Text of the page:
I feel somewhat proud of this review’s title, and at the same time, glad that it allows me to hide my ignorance when it comes to the newest DLC for the fourth instalment of the assassins’ adventures. Anyway, I just finished familiarizing myself with Olivier Deriviere’s another flagship. And while Remember Me OST remains his trump card, being a slightly better designed album, it would be an inexcusable mistake to underestimate Freedom Cry. The kind of mistake that’s punishable by walking the plank.
Deriviere’s compositions are gripping, but not in the clichéd, Hollywood style. They mesmerize the listener with their “airiness”, subtlety and flair. The key word here is Freedom, rather than Grandeur. Attack at Sea, On the Freedom, A Boat to Freedom, High Seas and False Paradise are prime examples of superb musical narration with the use of string sections. Violins, violas, cellos and double basses depict both calm and stormy sea (The Storm, High Seas) with equal ease, giving place, if necessary, to less subtle means of expression: either those coming “straight from the tropics” or choir parts. The album features an excellent Haitian vocal formation called La Troupe Makandal, with their traditional songs and distinctive timbres of voices. Narration is mainly carried out by the string sections of the Brussels Philharmonic Orchestra, so Deriviere doesn’t rely on the choir’s talent excessively: you could say that, instead, he treats this element like a precious spice. Fortunately, there are tracks dominated by the vocal exoticness: United, Governor (ominously emphasising its voodoo-like, apocalyptic sound) and The Freedom Cry.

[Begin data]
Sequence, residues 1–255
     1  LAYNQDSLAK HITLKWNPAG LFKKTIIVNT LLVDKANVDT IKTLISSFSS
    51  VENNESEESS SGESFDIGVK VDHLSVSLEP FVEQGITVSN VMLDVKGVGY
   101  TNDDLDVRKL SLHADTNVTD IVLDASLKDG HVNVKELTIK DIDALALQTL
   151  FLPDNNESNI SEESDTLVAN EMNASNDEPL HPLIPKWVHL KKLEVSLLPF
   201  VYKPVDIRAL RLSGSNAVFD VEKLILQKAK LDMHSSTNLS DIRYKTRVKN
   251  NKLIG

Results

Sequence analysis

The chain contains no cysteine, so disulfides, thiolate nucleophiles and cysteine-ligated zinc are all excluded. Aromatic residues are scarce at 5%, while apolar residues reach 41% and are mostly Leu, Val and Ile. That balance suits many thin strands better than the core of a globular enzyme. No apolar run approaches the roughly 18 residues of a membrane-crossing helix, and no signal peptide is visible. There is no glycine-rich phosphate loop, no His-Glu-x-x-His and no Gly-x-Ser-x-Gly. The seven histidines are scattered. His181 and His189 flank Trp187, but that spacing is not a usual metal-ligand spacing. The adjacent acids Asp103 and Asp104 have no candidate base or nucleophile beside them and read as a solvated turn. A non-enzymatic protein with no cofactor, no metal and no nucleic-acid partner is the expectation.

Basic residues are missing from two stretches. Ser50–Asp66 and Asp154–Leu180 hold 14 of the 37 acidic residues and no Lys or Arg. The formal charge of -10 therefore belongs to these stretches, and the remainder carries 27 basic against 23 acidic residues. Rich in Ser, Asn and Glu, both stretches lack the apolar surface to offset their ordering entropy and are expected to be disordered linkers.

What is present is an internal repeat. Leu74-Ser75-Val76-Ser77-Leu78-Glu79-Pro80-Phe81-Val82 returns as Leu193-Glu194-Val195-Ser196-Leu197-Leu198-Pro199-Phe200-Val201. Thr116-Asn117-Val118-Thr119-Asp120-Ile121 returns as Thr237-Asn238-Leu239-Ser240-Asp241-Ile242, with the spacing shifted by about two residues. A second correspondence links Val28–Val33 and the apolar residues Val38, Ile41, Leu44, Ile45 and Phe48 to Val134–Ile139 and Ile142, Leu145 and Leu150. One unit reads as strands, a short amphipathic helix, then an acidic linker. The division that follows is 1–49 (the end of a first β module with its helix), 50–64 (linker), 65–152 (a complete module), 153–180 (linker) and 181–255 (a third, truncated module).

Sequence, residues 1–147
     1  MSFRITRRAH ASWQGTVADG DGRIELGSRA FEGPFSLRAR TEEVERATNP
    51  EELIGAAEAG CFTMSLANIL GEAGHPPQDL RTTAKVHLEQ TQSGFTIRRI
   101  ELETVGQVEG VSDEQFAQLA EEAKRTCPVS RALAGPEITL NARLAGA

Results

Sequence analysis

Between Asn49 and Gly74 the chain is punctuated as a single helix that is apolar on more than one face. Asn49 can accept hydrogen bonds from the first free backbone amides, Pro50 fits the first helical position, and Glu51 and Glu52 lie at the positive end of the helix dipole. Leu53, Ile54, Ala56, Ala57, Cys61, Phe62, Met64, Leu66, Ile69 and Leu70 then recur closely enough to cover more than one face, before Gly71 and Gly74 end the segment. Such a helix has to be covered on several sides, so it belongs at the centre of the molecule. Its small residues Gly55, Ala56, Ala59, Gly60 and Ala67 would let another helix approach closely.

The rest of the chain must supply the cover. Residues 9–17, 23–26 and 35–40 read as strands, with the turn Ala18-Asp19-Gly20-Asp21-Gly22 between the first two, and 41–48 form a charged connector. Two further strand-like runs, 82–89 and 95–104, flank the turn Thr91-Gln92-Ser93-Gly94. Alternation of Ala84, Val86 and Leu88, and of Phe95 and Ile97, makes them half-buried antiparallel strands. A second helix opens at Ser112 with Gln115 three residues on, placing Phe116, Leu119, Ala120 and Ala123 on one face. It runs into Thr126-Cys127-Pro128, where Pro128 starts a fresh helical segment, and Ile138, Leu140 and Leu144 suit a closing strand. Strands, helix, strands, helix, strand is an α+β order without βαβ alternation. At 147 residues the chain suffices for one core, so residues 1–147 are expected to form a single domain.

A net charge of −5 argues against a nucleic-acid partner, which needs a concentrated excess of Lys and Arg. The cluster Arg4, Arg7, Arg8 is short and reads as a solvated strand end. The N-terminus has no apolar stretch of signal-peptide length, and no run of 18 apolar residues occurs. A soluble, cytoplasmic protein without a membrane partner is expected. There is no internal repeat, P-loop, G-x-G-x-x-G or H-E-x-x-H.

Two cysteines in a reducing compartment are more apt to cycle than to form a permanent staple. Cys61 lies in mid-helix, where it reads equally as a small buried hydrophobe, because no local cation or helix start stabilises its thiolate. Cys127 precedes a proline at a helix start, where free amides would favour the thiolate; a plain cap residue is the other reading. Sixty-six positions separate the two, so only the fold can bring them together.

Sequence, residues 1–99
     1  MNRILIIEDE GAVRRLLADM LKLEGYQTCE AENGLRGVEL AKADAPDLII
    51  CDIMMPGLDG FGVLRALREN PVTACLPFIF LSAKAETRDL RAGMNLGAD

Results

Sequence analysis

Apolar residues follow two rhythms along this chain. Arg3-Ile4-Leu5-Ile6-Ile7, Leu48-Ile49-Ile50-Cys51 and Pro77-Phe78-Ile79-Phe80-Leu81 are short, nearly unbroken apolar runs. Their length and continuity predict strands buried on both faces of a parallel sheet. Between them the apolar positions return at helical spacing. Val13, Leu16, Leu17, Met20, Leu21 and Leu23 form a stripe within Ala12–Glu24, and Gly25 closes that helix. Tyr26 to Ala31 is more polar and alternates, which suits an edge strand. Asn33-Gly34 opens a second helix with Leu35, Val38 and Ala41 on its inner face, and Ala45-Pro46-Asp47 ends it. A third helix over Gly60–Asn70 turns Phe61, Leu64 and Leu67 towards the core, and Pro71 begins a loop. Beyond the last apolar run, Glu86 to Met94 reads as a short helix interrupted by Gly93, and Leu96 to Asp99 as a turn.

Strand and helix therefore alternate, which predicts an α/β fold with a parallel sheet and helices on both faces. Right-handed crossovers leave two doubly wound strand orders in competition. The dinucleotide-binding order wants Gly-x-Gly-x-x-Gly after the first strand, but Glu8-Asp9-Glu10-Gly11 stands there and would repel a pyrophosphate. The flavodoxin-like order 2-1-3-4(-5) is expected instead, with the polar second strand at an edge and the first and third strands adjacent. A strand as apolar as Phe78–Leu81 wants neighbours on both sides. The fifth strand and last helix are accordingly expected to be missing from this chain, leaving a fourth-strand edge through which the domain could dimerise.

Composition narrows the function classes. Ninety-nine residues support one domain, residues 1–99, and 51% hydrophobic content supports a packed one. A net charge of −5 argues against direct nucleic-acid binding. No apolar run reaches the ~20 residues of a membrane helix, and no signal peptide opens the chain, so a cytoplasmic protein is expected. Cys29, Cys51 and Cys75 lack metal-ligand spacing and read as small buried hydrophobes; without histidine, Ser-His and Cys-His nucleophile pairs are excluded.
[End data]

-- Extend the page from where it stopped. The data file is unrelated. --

The use of La Troupe Makandal reminds me of Alone in the Dark, in which Deriviere collaborated with the Bulgarian State Television Female Vocal Choir. Back then, it didn’t have much success, but at least the idea was acknowledged. Freedom Cry is a totally different story. And while there are some minor similarities between Freedom Cry and Remember Me, they stem solely from the composer’s style. Seeking them out is quite entertaining: the games are two different worlds, after all.
The composer combined Hollywoodish grandeur with the standards of European classical music and a touch of exoticness. Remember Me and Assassin’s Creed VI: Black Flag – Freedom Cry prove the maturity of the composer, who never lost his valuable eagerness to experiment. I think I can safely say this is the best Assassin’s Creed soundtrack of the post-Kyd era. My verdict is the following: the greatest flaw of Oliver Deriviere’s last two albums is that they still haven’t been released on physical formats. The rest is music.
Translation – Marcin Moń (FTL Translations)